Legal Fight to Restore Florida’s Ocklawaha River Now at Federal Appeals Court

OCALA, Fla., April 28, 2021 /PRNewswire/ — The Florida Defenders of the Environment (FDE) and supporters of restoring the Ocklawaha River…

OCALA, Fla., April 28, 2021 /PRNewswire/ — The Florida Defenders of the Environment (FDE) and supporters of restoring the Ocklawaha River are asking a federal appeals court to reverse a lower court ruling and force the U.S. Forest Service to move forward with its longstanding commitment to remove the Rodman Dam. 

The original lawsuit filed by the Florida Defenders of the Environment and plaintiffs Joseph Little and Bruce Kaster charges that the state has operated the controversial Rodman Dam on U.S. Forest Service property without a required permit for nearly 20 years.

The state declined to sign a permit three times since 2002, according to the appellate brief filed April 22 on behalf of the FDE by land use and appellate attorneys Pamela Jo Hatley and Jane West. In 2002, the Florida Department of Environmental Protection acknowledged that it lacked funding to comply with the permit’s requirement to restore the Ocklawaha River and felt obligated to return use of the property to the Forest Service.

There is a long history of bipartisan support for deauthorizing the Rodman Dam, which has throttled the Ocklawaha River and damaged the region’s delicate ecology since its construction in 1968 as part of the ill-conceived Cross Florida Barge Canal project.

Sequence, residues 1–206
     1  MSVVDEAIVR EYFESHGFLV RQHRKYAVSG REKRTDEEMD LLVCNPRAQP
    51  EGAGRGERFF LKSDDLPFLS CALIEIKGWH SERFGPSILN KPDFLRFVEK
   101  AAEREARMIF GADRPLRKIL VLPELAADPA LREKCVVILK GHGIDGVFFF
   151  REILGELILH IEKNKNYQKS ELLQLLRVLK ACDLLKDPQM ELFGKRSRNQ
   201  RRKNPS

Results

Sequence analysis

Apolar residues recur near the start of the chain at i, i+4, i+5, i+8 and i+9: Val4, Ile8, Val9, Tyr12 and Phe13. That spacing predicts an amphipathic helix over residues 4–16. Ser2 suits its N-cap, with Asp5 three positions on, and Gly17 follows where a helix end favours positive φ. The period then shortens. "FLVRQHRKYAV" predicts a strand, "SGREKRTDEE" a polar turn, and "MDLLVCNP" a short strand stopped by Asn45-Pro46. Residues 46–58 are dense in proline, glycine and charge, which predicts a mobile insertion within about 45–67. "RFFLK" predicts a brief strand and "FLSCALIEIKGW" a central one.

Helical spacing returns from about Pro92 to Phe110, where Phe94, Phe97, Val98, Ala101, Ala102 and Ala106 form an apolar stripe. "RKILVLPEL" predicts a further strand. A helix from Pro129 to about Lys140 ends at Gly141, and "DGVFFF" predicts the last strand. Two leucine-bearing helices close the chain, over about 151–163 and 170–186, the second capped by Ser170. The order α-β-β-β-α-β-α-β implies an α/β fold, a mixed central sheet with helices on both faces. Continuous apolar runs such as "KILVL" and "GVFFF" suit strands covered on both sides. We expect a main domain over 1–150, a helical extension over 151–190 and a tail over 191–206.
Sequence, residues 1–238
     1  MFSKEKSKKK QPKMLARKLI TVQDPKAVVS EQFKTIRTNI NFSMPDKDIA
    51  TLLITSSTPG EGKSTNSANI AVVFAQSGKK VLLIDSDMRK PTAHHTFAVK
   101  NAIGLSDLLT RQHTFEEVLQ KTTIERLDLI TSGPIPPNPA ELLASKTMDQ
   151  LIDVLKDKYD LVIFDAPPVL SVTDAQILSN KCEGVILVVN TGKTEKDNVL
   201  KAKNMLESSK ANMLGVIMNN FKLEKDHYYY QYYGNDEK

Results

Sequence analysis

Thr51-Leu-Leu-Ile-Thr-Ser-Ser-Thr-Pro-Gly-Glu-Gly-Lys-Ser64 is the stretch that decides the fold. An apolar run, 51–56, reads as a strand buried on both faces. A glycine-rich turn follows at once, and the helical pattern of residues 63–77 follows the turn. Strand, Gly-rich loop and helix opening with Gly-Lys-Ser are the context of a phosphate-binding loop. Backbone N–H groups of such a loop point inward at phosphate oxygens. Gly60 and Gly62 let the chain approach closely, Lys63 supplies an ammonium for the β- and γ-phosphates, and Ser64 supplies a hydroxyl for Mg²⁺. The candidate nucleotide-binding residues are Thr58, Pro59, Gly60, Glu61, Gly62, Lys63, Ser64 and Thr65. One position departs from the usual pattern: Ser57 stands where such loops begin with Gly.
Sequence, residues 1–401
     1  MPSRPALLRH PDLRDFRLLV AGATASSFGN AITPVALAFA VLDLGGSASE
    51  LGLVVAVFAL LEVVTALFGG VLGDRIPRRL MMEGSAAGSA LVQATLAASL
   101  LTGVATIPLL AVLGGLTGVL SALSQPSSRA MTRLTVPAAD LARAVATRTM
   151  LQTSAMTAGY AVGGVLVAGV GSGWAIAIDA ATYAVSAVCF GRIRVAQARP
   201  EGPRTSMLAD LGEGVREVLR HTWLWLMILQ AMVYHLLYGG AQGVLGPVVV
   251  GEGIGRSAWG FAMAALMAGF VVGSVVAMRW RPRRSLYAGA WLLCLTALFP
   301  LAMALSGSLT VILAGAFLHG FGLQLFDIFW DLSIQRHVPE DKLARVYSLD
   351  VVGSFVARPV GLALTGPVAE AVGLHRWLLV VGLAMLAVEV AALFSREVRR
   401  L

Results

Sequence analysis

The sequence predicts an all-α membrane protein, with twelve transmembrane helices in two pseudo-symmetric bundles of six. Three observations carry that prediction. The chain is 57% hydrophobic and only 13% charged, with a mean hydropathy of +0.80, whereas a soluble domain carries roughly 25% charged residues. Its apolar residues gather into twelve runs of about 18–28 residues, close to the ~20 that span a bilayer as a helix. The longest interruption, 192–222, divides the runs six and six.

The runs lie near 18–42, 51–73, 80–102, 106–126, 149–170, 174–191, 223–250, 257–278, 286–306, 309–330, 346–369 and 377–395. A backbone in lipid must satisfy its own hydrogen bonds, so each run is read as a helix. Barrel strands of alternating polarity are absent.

President Richard Nixon stopped canal construction in 1971, and that action was supported by succeeding presidents along with other Republican and Democratic elected officials over the years. Seven Florida governors have supported restoration, but neither Governor Ron DeSantis nor President Joe Biden has taken a position on the river’s restoration. 

The earthen dam has potentially dangerous structural flaws posing a flooding risk to downstream communities, according to recently disclosed records. Even so, the federal government has refused to live up to its commitment to restore the river and has declined to act until required to do so by the courts. The only other option to protect the public is for the state of Florida to draw down the reservoir until the dam can be removed. 

The case is Florida Defenders of the Environment et al v. U.S. Forest Service, Case No. 20-12046, in the U.S. District Court for the Eleventh Circuit.

For more information about efforts to remove Rodman Dam, contact Florida Defenders of the Environment Executive Director Jim Gross at or Defenders of the Environment attorney Bruce Kaster at 352-622-1600.   

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SOURCE Florida Defenders of the Environment